Without ever being explicitly addressed by government ministers, it is the supply-side model that has been pursued persistently. The effects are widely observed, but have not influenced new policies.

Targets, supported by financial incentives, have produced all sorts of perverse and unintended consequences. These include relatively worthless but target-hitting qualifications, and the narrowing of the range of public support needed to ensure that targets are met.

It’s also clear that the rhetorical support of ministers for higher-level skills has not been reflected in the actual priority given to the issue. Often sitting unhappily across different ministers’ desks, support for higher-level skills and education has always come after other major financial and policy decisions (like higher tuition fees, for example) have been taken.

In consequence, much more powerful incentives were created, for example, to recruit young undergraduates than to do the time-consuming work of engaging with employers.

The poor quality of public data on higher-level skills is a sure indicator of its practical second-order priority. Some of the findings – interference and micro-management by the Treasury and Downing Street, the temptations of high-profile but ill-judged ministerial announcements – will be familiar from other descriptions of poor public policymaking. But in this case, it is also clear that policy could have been better if there had been a stronger, well-structured relationship between the evidence, academia and policymakers.

My report ends by proposing a standing Academic and Policy Council to advise ministers, anticipate future policy questions, and influence research commissioning. One of the early priorities of such a body might have been to ensure sound academic studies of employer responses to the new apprenticeship levy, one of the biggest disruptions the skills system has ever seen.

Based on past experience, it might have noted that the policy has been driven by the Treasury for financial, not skills, needs, with no understanding of how employers will respond, creating huge financial incentives for employers and providers to collaborate on what might well be perverse outcomes.

John Denham is a professorial research fellow in the Institute of Public Affairs at the LSE. He served as secretary of state for innovation, universities and skills, and then communities and local government, between 2007 and 2009. His research was supported by the Institute of Public Affairs and the Association of Colleges.

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Reader's comments (1)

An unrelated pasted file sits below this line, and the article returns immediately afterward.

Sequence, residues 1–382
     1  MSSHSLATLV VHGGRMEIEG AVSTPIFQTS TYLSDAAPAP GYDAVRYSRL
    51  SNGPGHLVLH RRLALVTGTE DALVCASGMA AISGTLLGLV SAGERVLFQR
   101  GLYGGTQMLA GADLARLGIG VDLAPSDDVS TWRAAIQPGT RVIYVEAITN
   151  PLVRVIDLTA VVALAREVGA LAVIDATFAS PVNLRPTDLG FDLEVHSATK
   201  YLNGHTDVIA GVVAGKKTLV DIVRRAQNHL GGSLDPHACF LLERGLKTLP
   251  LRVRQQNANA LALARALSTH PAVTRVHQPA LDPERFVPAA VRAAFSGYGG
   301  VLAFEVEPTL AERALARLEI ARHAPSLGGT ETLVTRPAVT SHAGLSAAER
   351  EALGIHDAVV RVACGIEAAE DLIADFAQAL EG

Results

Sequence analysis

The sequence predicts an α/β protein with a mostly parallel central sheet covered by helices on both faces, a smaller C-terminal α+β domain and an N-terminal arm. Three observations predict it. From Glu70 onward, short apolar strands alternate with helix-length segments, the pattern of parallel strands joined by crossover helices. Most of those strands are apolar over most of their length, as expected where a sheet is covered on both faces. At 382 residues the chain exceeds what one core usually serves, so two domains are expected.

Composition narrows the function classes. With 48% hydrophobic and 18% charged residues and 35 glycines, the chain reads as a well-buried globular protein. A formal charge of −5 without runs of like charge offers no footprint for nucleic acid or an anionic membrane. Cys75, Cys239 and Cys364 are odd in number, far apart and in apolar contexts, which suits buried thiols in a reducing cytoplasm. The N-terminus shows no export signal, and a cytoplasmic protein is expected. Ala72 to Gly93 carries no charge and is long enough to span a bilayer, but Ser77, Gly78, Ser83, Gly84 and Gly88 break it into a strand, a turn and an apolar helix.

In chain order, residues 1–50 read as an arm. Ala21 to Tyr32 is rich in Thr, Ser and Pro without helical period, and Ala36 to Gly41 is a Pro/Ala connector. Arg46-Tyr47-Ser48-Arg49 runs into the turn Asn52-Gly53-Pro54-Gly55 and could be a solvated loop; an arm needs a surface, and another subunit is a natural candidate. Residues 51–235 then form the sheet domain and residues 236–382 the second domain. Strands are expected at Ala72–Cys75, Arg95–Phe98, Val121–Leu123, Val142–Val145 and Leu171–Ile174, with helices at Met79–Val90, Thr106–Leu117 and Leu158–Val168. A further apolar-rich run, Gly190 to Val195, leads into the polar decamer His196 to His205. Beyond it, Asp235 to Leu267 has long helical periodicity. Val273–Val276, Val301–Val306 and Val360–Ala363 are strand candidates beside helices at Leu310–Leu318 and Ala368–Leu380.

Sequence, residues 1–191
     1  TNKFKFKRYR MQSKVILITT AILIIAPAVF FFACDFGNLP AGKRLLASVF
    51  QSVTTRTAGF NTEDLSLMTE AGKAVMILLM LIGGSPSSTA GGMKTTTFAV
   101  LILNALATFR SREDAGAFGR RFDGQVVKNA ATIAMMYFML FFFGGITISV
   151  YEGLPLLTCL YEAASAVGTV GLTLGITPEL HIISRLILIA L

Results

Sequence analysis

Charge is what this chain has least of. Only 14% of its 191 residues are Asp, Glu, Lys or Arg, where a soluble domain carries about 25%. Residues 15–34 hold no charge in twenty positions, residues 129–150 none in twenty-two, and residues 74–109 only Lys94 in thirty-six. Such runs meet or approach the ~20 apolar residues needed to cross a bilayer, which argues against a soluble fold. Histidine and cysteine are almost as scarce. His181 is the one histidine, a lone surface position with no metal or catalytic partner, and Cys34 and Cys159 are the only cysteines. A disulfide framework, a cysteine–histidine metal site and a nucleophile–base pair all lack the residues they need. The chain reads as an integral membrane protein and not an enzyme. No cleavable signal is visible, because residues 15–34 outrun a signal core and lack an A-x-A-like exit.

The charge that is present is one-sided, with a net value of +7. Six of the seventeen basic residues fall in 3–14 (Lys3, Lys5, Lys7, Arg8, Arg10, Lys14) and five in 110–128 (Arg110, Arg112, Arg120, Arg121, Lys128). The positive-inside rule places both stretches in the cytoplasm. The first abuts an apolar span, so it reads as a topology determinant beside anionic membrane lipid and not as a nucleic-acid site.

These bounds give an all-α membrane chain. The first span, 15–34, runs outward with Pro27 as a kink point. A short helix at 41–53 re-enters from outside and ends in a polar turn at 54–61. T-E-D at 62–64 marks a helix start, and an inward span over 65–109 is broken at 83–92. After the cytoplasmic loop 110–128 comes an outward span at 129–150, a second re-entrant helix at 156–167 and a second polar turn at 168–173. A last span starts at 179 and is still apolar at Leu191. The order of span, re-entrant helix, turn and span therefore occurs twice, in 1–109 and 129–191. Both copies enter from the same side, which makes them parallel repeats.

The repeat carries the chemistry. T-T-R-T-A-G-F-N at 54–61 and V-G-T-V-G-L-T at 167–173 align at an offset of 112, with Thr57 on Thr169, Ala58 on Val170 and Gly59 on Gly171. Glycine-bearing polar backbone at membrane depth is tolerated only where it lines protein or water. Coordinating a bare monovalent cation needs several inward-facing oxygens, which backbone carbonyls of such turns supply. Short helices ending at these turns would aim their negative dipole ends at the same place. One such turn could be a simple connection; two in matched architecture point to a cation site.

John, I'm surprised to find myself in broad agreement with everything that has been written as a synopsis of your report 'Employer Support for Higher Education Skills', but I'm also genuinely excited with the view that we should shift emphasis away from a supply determined preparation of graduates in favour of a demand determined preparation of graduates. There are some caveats to this excitement however. My views on making young people 'work ready' have always been shaped by comments from those with direct responsibility for recruits at the graduate level. Let's, for simplicity, label these the Sergeant Majors (SMs) of the regiments which make up the fighting forces of those 'Employers' taking the fight to other forces in the business battles of the world. It's the SMs who take responsibility for the development of those 'regiment specific skills' required for the regiment and those generic skills which are (relatively) transferable across regiments. What they experience is much different from the experiences of their Generals but, as with all SMs, they obey orders and deliver the General staff policy. So if Generals, invariably, only mix with the hierarchy of the British establishment, including government, and take those actions which they feel will maintain or enhance their position(s), particularly if such actions are linked to finance, they will, invariably, help determine policy on something they may know very little about. A general policy which may subsequently commit legions of young people to parlous activity. From my experience most SM's continually maintain that it is indeed THEIR training and THEIR development that makes THEIR troops ready for THEIR battle; NOT anybody elses. They don't seem to trust what we do and certainly don't trust our claims of what we have achieved; perhaps as a result of their experience with our graduates. In all honesty it's debatable whether anybody involved in shaping young people at University have any idea what Higher Education Skills are. For example nobody, despite personal challenges laid before my colleagues, has ever been able to define what a skill actually is, and I would have thought that without that definition there is no point in trying to develop any skills at ANY level. It's not good enough to give examples of skills because the examples obfuscate what specifically needs to be developed in a person. Additionally, examples only lend themselves to invention as people struggle to deal with the definition; so for example we endlessly make reference to 'enterprise skills' without anybody having the faintest idea of what they are; despite suppliers charging you a fortune to get them!! For the sake of the future of actual skill development please stop talking to the generals and start talking to the SMs.